"I enjoy going through archives and oral histories and also traveling to places where events happened. The landscape seems to hold a sense of all the things that have ever happened there, written in the watercourses and the stones."
PAULETTE JILES: I'm from the Missouri Ozarks—all my people are country/farm/hills people, and I came to Texas because I married a Texan.
True Texas history and fiction aficionados will savor News of the World, but can you tell our readers, in your own words, what your book is about?
News of the World is about an elderly gentleman who travels North Texas giving readings from newspapers to audiences in small towns. He reads from journals from distant places and along with 'news' he imparts a sense of the far world, things which seems almost imaginary. He is asked by a black frontiersman, Britt Johnson, to return a little captive girl who has been rescued to her people four hundred miles to the south. Captain Kidd says yes, and the two have many improbable and even dangerous adventures on the way south. The girl has forgotten English and considers herself a Kiowa, but on the trip they grow to trust one another—and in the end he brings her back to some forbidding relatives who do not want her. Then he has some decisions to make.
Reviewers have marveled at the historical detail and accuracy in News of the World. Can you tell us what your research process is like?
I enjoy going through archives and oral histories and also traveling to places where events happened. The landscape seems to hold a sense of all the things that have ever happened there, written in the watercourses and the stones.
You've written three books set in Texas. What compels you to tell stories about the Lone Star State?
Why not? Many exciting things happened in Texas. It was its own country for a short period, it borders Mexico, it borders the Gulf, to the west are snowy mountains in which reside memories of the Cheyenne—think about it, it is different from the urban landscapes or the settled farm country, and it always seems to invade country-and-western music with laments and ballads.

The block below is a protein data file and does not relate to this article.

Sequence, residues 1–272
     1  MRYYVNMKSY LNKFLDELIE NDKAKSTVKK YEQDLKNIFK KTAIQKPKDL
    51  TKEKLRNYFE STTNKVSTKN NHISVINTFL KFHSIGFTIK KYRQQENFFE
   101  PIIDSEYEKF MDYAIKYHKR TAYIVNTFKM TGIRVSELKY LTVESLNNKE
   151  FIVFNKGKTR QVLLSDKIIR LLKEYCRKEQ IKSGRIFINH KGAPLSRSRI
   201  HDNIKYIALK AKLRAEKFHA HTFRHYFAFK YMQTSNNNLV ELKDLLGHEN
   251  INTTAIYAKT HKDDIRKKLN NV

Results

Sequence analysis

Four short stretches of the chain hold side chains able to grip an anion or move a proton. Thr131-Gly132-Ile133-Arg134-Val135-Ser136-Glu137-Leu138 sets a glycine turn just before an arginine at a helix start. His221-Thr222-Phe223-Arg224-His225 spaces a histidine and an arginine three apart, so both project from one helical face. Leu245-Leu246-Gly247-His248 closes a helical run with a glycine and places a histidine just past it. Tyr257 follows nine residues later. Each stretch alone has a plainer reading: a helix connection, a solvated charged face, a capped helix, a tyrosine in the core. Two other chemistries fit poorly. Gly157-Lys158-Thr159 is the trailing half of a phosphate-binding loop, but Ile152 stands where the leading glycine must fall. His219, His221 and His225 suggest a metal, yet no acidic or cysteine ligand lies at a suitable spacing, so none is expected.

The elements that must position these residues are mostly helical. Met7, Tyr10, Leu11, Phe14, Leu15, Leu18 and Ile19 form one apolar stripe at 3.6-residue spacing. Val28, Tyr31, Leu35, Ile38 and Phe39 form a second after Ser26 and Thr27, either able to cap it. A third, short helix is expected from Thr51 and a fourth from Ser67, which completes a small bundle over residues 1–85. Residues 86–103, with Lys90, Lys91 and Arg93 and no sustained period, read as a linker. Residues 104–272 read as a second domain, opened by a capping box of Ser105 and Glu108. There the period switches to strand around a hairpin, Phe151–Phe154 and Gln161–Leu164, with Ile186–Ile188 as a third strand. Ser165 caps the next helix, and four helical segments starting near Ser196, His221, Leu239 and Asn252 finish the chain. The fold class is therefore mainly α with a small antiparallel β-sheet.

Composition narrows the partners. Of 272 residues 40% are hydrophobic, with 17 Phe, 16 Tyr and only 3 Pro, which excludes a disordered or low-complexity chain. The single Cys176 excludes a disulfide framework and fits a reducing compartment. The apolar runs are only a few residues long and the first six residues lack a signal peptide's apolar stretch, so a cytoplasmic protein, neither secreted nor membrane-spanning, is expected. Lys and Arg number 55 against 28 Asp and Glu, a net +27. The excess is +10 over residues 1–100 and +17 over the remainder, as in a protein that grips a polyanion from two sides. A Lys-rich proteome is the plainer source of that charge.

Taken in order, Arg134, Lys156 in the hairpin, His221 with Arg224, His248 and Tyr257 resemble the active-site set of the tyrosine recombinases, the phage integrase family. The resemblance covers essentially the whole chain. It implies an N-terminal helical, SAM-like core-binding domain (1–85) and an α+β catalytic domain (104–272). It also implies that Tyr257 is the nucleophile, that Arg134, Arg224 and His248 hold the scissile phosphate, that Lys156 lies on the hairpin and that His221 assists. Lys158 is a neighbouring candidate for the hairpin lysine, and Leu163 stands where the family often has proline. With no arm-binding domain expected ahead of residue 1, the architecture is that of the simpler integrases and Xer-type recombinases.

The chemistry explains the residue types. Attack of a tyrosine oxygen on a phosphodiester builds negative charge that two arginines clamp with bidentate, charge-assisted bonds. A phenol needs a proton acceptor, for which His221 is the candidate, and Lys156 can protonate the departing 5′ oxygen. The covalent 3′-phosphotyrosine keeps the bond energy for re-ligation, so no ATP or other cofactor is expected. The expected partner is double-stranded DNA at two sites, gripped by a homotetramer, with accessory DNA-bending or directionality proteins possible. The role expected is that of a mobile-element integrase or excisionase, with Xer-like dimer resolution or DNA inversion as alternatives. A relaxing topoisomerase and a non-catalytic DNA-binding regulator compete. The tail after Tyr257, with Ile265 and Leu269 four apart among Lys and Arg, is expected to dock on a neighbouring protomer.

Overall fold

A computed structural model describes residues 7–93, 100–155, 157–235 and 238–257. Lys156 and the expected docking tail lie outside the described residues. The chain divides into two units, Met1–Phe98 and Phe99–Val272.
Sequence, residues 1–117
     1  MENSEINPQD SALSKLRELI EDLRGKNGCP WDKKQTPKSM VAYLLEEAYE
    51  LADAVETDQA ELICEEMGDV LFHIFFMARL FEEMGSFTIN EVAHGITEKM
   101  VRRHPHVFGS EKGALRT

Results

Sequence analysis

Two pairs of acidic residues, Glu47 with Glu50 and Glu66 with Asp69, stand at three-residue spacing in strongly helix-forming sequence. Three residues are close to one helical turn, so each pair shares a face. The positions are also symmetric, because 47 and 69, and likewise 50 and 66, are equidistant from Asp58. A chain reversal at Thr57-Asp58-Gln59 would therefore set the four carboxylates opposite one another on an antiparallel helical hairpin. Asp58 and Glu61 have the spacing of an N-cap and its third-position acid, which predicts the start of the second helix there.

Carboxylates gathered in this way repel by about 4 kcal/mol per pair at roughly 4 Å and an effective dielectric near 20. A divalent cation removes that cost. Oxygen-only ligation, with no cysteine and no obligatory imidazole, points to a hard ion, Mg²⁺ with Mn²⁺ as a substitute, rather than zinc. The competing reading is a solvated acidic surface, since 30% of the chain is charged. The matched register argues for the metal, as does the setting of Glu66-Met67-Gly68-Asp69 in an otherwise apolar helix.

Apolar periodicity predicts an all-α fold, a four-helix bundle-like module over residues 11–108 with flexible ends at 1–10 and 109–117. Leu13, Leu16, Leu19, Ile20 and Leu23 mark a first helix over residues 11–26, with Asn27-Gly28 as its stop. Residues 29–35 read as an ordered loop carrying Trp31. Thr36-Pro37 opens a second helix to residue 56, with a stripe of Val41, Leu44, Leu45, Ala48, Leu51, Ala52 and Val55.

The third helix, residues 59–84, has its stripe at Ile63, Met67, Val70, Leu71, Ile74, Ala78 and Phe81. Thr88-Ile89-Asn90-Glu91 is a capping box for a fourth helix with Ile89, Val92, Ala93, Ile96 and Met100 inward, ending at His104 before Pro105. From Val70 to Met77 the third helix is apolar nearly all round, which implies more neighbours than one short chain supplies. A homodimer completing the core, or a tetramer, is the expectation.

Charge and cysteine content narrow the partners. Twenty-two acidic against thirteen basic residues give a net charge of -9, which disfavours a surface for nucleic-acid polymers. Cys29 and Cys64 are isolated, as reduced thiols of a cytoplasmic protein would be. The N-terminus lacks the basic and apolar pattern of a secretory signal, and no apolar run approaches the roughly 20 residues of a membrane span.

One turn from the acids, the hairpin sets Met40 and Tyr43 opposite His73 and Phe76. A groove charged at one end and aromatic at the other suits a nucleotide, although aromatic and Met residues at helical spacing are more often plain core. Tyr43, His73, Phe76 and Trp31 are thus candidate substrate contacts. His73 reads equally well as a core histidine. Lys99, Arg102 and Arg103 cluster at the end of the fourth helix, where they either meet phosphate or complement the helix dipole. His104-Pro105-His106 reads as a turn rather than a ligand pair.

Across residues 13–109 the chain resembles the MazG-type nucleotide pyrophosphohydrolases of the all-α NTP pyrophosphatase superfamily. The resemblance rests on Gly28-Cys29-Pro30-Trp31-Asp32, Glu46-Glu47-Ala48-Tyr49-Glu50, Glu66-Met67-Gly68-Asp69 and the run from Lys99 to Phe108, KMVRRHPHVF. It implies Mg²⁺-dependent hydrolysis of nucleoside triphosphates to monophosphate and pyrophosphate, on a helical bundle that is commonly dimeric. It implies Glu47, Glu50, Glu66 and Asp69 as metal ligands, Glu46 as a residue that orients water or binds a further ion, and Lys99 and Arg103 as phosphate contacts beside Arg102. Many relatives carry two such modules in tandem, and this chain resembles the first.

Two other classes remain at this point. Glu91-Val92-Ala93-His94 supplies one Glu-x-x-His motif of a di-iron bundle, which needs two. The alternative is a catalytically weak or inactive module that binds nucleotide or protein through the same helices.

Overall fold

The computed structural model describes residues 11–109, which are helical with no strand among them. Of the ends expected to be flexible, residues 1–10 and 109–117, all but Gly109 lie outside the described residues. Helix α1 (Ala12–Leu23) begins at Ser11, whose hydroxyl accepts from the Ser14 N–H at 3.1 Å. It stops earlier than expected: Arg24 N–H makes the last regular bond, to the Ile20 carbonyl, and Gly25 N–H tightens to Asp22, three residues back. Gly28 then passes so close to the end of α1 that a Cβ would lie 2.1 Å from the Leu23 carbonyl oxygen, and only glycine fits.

When did you decide to be a writer?
I decided to be a writer as soon as I found out what one was.
How would you describe your first big break?
I won the Canadian Governor-General's Award for poetry in 1984, a prestigious award, and because of this I was asked to teach poetry at a poetry seminar in Saskatchewan, where I met Gordon Lish. He has been a friend since then. He loved my writing. So that was good. At this writers' retreat there was a bagpiper's master course going on at the same time, and we still joke about the duty piper blasting and howling away at seven every morning.
Are you a different writer at seventy-three than you were ten years ago, or twenty?
Of course my writing is different at seventy-three than at any other time. How could it not be? I suppose I am less intimidated by literary fashion.
What are your favorite Texas books and authors?
The poet Naomi Nye.
Last question. What's it like to live in Utopia?
Because it is a small town there is a lot to do. Small towns are very busy places. But I was raised in small towns, so I like it.
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Praise for Paulette Jiles’s NEWS OF THE WORLD
“This Western is not to be missed by Jiles’s fans and lovers of Texan historical fiction.” —Library Journal
“Lyrical and affecting, the novel succeeds in skirting clichés through its empathy and through the depth of its major characters.” —Kirkus Reviews
“News of the World is a narrow but exquisite book about the joys of freedom (experienced even by a raging river threatening to overrun its banks); the discovery of unexpected, proprietary love between two people who have never experienced anything like it; pure adventure in the wilds of an untamed Texas; and the reconciling of vastly different cultures. . .” —New York Times
Paulette Jiles was born in Salem, Missouri, in the Missouri Ozarks. After graduation she worked for the Canadian Broadcasting Corporation in Toronto, in the far north of Ontario, and in the Quebec Arctic, helping to set up village one-watt FM radio stations. She taught at David Thompson University in Nelson, BC, and grew to love the British Columbian ecosystems and general zaniness. She spent one year as a writer-in-residence at Philips Andover in Massachusetts and then returned to the United States permanently when she married Jim Johnson, a Texan. She has lived in Texas since 1995.